The Return of Conservative Economics
Today we are announcing the formation of American Compass, an organization dedicated to helping American conservatism recover from its chronic case of market fundamentalism. In preparation, we have been perusing the mission statements of many of our nation’s think tanks. Nearly every group has one. Oddly, the right-of-center’s preeminent public-policy institutions all have the same one: to advance the principles of “limited government, free enterprise, and individual liberty” or “free markets and limited, effective government” or “free enterprise, limited government, individual freedom” or “individual liberty, limited government, free markets” or “economic choice and individual responsibility” or “individual, economic, and political freedom; private enterprise; and representative government.”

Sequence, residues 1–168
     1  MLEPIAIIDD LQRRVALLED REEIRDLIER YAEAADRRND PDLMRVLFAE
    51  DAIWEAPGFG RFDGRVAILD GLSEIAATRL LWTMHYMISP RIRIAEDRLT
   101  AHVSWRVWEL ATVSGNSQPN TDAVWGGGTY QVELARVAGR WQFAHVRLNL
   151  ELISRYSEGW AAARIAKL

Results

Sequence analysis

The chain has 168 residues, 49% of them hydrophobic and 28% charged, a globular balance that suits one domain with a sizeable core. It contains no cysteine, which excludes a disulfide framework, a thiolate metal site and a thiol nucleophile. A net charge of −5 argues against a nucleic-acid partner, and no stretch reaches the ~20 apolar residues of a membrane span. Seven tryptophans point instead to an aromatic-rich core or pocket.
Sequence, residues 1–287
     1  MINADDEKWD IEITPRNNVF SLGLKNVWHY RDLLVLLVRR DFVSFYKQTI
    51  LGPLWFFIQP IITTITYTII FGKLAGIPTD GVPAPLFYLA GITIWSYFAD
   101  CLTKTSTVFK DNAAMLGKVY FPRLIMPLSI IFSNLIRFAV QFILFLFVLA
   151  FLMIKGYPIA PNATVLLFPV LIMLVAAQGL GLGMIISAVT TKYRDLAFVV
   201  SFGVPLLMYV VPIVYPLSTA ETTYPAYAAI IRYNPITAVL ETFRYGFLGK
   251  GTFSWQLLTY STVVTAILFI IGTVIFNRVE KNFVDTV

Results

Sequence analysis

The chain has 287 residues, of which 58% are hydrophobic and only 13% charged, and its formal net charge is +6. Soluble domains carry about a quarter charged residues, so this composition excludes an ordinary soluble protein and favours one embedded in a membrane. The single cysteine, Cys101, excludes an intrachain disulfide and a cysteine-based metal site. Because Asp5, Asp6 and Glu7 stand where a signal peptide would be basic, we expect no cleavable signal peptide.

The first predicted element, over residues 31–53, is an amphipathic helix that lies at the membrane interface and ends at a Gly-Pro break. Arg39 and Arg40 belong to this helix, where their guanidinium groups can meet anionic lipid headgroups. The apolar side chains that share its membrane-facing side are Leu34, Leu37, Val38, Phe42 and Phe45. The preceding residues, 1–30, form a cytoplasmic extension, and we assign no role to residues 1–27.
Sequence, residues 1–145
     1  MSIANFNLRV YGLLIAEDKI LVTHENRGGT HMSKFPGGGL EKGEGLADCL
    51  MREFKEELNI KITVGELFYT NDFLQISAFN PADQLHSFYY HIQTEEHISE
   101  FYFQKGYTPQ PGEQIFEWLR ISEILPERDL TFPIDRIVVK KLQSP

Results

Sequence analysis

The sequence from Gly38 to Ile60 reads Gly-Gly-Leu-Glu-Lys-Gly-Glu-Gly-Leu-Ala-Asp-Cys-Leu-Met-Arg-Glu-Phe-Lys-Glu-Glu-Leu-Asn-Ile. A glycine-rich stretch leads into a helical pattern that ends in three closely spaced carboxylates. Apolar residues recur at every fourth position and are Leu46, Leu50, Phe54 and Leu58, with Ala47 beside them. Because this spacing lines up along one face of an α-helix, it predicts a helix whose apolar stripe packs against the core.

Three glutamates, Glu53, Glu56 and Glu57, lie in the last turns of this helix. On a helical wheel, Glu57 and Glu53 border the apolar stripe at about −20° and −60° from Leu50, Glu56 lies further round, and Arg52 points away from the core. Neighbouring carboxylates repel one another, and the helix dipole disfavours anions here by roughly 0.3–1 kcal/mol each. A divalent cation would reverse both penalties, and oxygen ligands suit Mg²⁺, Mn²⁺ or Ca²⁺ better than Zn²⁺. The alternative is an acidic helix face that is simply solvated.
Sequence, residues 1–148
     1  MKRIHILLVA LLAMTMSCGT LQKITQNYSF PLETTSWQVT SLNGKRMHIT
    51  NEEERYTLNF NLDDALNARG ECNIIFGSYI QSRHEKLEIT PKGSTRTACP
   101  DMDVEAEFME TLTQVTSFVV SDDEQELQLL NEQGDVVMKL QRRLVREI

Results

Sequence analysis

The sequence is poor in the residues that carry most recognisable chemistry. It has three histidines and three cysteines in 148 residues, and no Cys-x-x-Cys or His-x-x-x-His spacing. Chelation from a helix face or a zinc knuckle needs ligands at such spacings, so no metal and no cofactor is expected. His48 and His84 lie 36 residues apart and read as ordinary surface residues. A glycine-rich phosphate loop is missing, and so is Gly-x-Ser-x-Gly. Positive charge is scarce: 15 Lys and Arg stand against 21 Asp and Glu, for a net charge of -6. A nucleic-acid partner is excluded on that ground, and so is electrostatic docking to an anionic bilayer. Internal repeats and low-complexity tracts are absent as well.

Without question, those principles are vital. But an emphasis so monotonal is neither supportive of effective deliberation nor genuinely conservative. “Why don’t we look at a policy and just ask, does it expand economic freedom?” suggests Heritage Foundation vice president Jack Spencer. Because there is more to life than economic freedom. Also, there is more to economic freedom than economic freedom. A society that attempts to maximize everyone’s freedom at every moment will fail miserably in preserving individual liberty and limiting government over time.
What is missing from our public debates is a distinctively conservative approach to economics.